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Whiting’s Guide North Dakota Wetlands ENVIRONMENTAL, HEALTH & SAFETY

Wetlands of North Dakota

Photo credit:

Photo credit: USFWS

The aerial photo, above, provides a sense of the number and density of wetlands within North Dakota.

Much of central and northeastern North Dakota lies in the Prairie Pothole Region, an area that is about 1,000 miles long and 300 miles wide and includes portions of Alberta, Saskatchewan, Manitoba, Montana, North Dakota, Minnesota, and Iowa. The blue shaded area in the map illustrates the area of North Dakota that lies within the Prairie Pothole Region. The region was created by the Wisconsinan glacier that existed from about 40,000 years ago to 12,000 years ago. The glaciation covered most of North Dakota, except the southwest portion of the state and created millions of potholes when the glacier retreated. The Wisconsinan glacier was the driving force in creating North Dakota’s wetlands.

Photo credit: USGS

Ruddy Duck

Whooping Crane

Northern Leopard Frog

Beaver Cover Photo: Whooping Crane

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Types of Wetlands Several types of wetlands that exist within North Dakota include: • Ephemeral—Gradually lose accumulated water from the first few weeks of the spring snowmelt. Because of their shallow depth (< 1 foot) these wetlands are used by breeding spring migrant water birds for the invertebrate fauna that develop. • S  easonal—Typically contain water well through the growing season, except during drought conditions. This class of wetlands is abundant throughout the Prairie Pothole Region (see photo to right), and produces excellent hay that is harvested during the summer. • Semi-permanent—Maintain water almost year round. These wetlands range in depth from 2 to 4 feet and can be up to 5 acres in size. Cattails Photo credit: USFWS or bulrushes are common plants in this type of wetlands. Semi-permanent wetlands form the principal nesting areas for all of North Dakota’s overwater nesting waterfowl. • Permanent—Closed basins that are sufficiently deep enough to hold water year round. These wetlands may go dry only after a prolonged drought that would extend for several years. They can range in size from several acres up to Lake Sakakawea. They will have a central deep open-water area, followed by irregularly shaped concentric rings of deep marsh, shallow marsh, and wet meadows, respectively, extending out from the open water. • Alkali—Open areas of water characterized by the occurrence of shallow saline water. These wetlands provide the primary habitat for several species of migrant shorebirds and waterfowl with different types of invertebrates for foraging rather than fresh water wetlands. • Riverine—Include those with periodically (flood) or continuously moving water within or adjacent to a river channel. The periodical moving-water wetlands are productive for the life cycle of small fish, such as minnows, suckers and insects.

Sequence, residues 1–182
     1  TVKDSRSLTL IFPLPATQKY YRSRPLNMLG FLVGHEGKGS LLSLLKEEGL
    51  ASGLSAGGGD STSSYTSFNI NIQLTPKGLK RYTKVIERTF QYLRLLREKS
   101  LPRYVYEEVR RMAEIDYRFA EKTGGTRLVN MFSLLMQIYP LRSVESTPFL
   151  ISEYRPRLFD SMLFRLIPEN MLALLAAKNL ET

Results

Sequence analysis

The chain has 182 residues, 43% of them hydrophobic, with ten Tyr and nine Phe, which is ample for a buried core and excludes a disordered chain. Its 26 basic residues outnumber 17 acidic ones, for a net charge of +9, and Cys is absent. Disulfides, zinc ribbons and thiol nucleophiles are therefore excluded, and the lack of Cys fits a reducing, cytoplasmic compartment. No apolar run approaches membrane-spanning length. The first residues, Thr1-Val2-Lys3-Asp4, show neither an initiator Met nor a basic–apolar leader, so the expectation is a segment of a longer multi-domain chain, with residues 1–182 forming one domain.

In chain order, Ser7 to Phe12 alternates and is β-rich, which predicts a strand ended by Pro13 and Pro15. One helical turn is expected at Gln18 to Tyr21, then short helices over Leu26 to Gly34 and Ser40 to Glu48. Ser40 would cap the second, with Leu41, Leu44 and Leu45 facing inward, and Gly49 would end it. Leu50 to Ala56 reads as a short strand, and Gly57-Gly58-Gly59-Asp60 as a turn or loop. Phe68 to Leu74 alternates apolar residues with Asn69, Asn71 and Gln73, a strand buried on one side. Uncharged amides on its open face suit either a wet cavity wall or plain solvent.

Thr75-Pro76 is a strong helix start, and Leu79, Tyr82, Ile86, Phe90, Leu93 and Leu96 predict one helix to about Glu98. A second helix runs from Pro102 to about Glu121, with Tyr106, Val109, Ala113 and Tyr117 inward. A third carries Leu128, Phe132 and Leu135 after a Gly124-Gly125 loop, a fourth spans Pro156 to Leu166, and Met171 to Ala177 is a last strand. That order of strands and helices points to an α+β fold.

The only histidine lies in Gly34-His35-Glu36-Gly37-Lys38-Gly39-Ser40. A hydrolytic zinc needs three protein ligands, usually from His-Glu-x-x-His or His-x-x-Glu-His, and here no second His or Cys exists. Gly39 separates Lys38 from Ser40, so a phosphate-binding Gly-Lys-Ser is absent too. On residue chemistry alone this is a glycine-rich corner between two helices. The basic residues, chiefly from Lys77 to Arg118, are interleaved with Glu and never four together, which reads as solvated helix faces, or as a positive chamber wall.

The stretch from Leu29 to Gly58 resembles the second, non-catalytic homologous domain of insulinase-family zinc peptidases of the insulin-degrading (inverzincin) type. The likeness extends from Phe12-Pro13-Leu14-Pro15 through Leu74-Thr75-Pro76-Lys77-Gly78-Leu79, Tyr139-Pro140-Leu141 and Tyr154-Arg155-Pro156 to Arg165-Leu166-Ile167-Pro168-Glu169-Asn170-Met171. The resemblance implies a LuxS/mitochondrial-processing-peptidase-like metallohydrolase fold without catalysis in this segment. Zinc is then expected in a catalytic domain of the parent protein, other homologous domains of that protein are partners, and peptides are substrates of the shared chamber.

For more information please contact Jen Stoelzel at Last Update: September 2019

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Indicators of Wetlands All wetlands have three common characteristics: 1) wetland-type soils, 2) water, and 3) plants that can live in water and saturated soils. Army Corp of Engineers policy requires that at least one of each feature of the three characteristics must be present for an area to be identified as a “wetland.” Each of the characteristics is discussed below.

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Soil—Soils that are characteristic of wetlands are called hydric soils. These soils are typically saturated with water for long periods of time during the growing season where the presence of oxygen is greatly reduced or absent (anoxic). Because the soils have reduced amounts of oxygen, changes in soil color (particularly gray or black), the presence of organic material, streaking of soil colors in shallow pits, and soil horizon development are all indicators of wetlands-type soils. Soils are typically called gleyed and often have mottling where reduction/oxidation reactions involving iron or manganese create spots or streaks of red in the gray-colored soil (see photo on right). A review of your county Natural Resources Conservation Service manual will identify most hydrictype soils in your area.

Photo credit: Ecosystem Research Group

Hydrology—Shallow groundwater at or very near the surface during the growing season can be considered a characteristic of wetlands. The water must be present for a sufficient period of time to influence the soils and types of plants within a wetland. Visual indicators of wetland hydrology include standing or flowing water, sediment deposits that may coat leaves or objects on the ground during seasonal flooding, rafted debris against trees, and observations of inundation. Plants—Indicator species of plants that are always found in wetlands are called obligate wetlands (99% of the time) or facultative wetlands (67-99%). Plants found in areas that are not typically wetlands are called facultative uplands or obligate uplands. While the above wetland characteristics provide a general guideline for identification of wetlands, you should consult with a qualified wetlands scientist to definitively identify and delineate the extent of wetlands using all three characteristics.

Photo Courtesy of WENCK

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Indicators of Wetlands (cont) Wetland indicator plants have evolved to withstand extended periods of saturated conditions and occasional dry conditions. Common, easily identifiable wetlands indicator plant species in North Dakota include: Cattails—(Typha spp.) A widespread, very dominant wetlands plant characterized by its prominently displayed seed heads on spikes that burst into thousands of light, fluffy, air-lofted seeds. Photo credit: USFWS

Prairie Cordgrass—(Spartina pectinata) This tall (3 to 8 feet) perennial grass has long coarse leaves with serrated and sharp edges. Cordgrass has broad wetlands adaptability for floodplains, wet meadows, and seasonally dry areas. Photo credit: Univ. of Wisconsin- Stevens Point